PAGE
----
Pajaro Valley Chamber of Commerce




Business Showcase: Second Wednesdays Santa Cruz Sons in Retirement Soaring to New Heights 4 - 7 p.m., Seascape Golf Club, Monthly Meeting















28 / February 15th 2017 / Aptos Times




Arts and Entertainment J

oin us every 2nd Saturday on the Farm for free family Lucky Steppers Modern activities. Each month we select a Square Dance new theme to highlight historical Volunteers Needed for the 6:30 pm, La Selva Beach agriculture with games, activities, Clubhouse, 314 Estrella Ave., La Monterey Symphony and demonstrations that relate. Selva Beach, CA 95076 he Monterey Symphony is We often have guest appearances seeking volunteers. If you love t’s fun and easy to do! from farm animals like llamas, Friendship put to music; family music and want to be involved, draft horses, sheep, goats, friendly. Class takes place every chickens, rabbits, and more! You please call (831) 646-8511 or visit Thursday Night at our new are sure to find something fun for home in La Selva Beach! (Take and entertaining for the whole more information. Mar Monte off of Hwy 1, turns family. into Playa Blvd., turn right on Check our website and Estrella) Cabrillo Youth Strings/ Facebook page for more details. For more information, contact Sue Suzuki Music Program FREE Harris or Don Benson at (831) 726new entry-level String 7053 or e-mail at Orchestra class 4th- 6th Second Sundays Each Month Grade Beginning Strings for Downtown Santa Cruz Friendship Put to Music! violin, viola and cello will be 6:30 p.m., New Hall, La Selva Beach Antique Street Fair 9:00am-4:00pm, Lincoln St. Students must provide their own Club House, 3124 Estrella Ave. (Between Pacific and Cedar) lasses every Thursday night. instruments. he “Original” Downtown For more information call Sue For more information contact Antique Faire is back! Harris or Don Benson (831) 726Strings (831) 479-6101 or (831) 7053 or email at antiques and unique items. Come and check it out! Browse through 426-6443. a wide assortment of treasures Last Thursdays each month Monthly Argentine Tango at Star including books and photographs,





virtuosic Piano Concerto No. 5 Piano Concerto No. 2. For more info contact 831-4620553

Sunday February 19 Piano Extravaganza

2 p.m., UCSC Music Center Recital Hall, presented by the Santa Cruz Branch of Music Teachers’ Association of California elebrate Piano Ensemble will


concert on Sunday, February 19 at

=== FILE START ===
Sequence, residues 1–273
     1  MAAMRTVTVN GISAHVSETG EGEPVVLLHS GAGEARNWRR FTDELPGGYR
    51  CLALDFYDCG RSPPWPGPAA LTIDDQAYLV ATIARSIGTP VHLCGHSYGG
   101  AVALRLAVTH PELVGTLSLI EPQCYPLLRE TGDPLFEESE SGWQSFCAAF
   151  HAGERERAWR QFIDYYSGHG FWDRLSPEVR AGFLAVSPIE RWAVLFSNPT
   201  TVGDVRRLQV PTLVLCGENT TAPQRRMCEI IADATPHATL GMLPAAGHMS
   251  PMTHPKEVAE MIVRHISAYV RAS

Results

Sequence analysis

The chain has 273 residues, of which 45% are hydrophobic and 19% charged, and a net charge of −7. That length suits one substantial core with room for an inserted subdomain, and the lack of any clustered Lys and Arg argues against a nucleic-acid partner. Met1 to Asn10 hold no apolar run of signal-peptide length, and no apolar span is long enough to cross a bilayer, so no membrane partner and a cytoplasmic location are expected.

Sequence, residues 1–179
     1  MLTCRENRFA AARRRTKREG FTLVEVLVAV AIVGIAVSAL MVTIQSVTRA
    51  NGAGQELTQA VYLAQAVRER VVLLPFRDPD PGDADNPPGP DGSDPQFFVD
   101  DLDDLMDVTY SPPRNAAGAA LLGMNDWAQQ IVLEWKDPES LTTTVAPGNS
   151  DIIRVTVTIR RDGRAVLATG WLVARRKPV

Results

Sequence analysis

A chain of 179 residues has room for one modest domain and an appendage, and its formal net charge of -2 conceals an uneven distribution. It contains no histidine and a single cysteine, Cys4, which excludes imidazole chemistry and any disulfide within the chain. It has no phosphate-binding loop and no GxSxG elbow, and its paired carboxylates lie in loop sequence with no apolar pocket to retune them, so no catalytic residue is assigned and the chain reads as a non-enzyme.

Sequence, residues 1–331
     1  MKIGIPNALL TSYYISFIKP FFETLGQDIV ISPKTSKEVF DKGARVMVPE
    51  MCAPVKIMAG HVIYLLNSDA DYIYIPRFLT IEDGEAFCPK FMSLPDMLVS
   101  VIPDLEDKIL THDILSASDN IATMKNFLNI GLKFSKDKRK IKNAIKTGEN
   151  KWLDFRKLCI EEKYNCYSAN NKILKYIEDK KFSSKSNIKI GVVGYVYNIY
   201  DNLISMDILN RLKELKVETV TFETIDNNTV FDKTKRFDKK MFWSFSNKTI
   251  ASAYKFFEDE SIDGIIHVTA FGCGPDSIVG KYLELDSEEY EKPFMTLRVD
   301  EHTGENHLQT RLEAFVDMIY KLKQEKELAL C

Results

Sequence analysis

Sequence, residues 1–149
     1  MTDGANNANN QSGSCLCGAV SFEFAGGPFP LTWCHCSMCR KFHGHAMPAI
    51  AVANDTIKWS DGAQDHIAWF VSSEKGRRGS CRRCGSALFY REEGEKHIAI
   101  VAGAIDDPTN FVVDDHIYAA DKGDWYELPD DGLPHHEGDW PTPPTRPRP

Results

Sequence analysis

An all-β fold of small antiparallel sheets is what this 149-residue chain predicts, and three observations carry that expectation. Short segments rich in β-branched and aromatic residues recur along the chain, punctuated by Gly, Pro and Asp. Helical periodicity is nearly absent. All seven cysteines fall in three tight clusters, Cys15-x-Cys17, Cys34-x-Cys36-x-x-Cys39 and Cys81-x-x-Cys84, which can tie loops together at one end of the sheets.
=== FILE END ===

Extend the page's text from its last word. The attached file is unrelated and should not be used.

Recital Hall. The program features music for one and two pianos, utilizing two matched grand pianos on stage at the acoustically excellent Recital Hall. Highlights of this concert include a portion of the Piano Concerto by Monterey County composer Stephen Tosh, the Sabre Dance for two pianos, ultra-modernist American composer Johanna Magdalene Beyer and more! Performers include Amy Beal, Bruckner, Mary Jane Cope, Bene Italian/Argentine Restarante and ceramic collectibles, vintage Susan Ben Dorfan, Roger Emanuels, Rose 4:30pm-9:30pm, Star Bene hawaiian kitsch, turquoise, Georgi, Nicki Kerns, Ellen Khayat, Italian/Argentene Restarante, original artwork, and a whole lot Lynn Kidder, Lavinia Livingston, Second Monday each month of whatnot! Stefanie Malone, John Orlando, Carol his is a night for true “Social For more info, please contact us Stitchers By The Sea Meetings Panofsky, Ivan Rosenblum, Michel Tango.” Order a wonderful at (831) 476-6940 or visit us on Singher, Marina Thomas, Vlada 7 p.m., Volunteer Center of Santa meal from the Star Bene Facebook. Cruz, 1740 17th Ave., 95062 Argentine Menu, (or their well Suggested donation at the door: titchers-by-the-Sea, the local $10. For more information, Third Sunday of Every Month chapter of the Embroiderers’ the ambiance of Argentina and contact Roger Emanuels, Science Sunday Guild of America, holds regular, 831-423meetings open to the public each to music from the Golden Age 6107. Santa Cruz, 95060 of Tango. month. No admission fees. eymour Marine Discovery Private instruction and classes by Center presents a public arrangement. For more information, Thursday Feb. 23 Tuesdays lecture from a marine scientist call Michael (831) 239-2247. BINGO thru Sunday Feb. 26 the third Sunday of every 6:30 p.m. Santa Cruz Elks Lodge, First Fridays each month month. Topics are presented in Banff Mountain Film Festival an entertaining and easy150 Jewell St. World Tour First Friday Art Tour to-understand format, with osted by Soquel Sports 7 p.m.-10 p.m., Rio Theatre he First Friday Art Tour is a up-to-date photos, video, and Foundation. Buy-In $15. Full gnite your passion for adventure, Santa Cruz Institute of Condiscussion. snack bar available. First Tuesday temporary Arts event, managed in Science Sunday does not meet Mountain Film World Tour will of each month is special $25 buy in in December. For more info visit exhilarate you with amazing big art venues. The event takes place screen stories. year-round and illuminates some For more information call 831459-2806. of the most talented local artists Wednesdays from local galleries. Capitola Twilight Concert Series To find out where to participate Saturday March 18 6-8 pm, June thru August at in a First Friday art tour, visit Saturday February 18 Santa Cruz Symphony League’s (Most Esplanade Park Santa Cruz Symphony Presents “Copacabana” galleries are open 12-9 pm for Yuja! A 50th Anniversary Gala First Friday viewings.) concert schedule. 7:30 p.m., Santa Cruz Civic his fundraiser is at the Back Auditorium Nine at Pasatiempo with Second Saturdays Each Month Peninsula Banjo Band n what promises to be a fantastic roving entertainment, 7:00 - 8:30 p.m., Harry’s Hofbrau, 2nd Saturday on the Farm music, food and auction items to 11a.m.-3p.m., Ag History 390 Saratoga Ave, San Jose dazzle the eye, feed the body and Project Center at the Santa orty-seven years of delight the senses. Cruz County Fairgrounds performing in the Bay Cruz Symphony for an all piano Visit, over 250 popular tunes. events/gala for more information. Come see our band for Free in Sunnyvale Every Wednesday. Sunday March 26 No cover. Santa Cruz Baroque Festival Contact Lee McLaughlin, ow in its 44th season, the Booking Agent, at 408-993Baroque Festival presents BAND (2263) for information its March concert of “Musica about booking the band for Non-profit events (donations are Building. tax deductible). Visit for more information.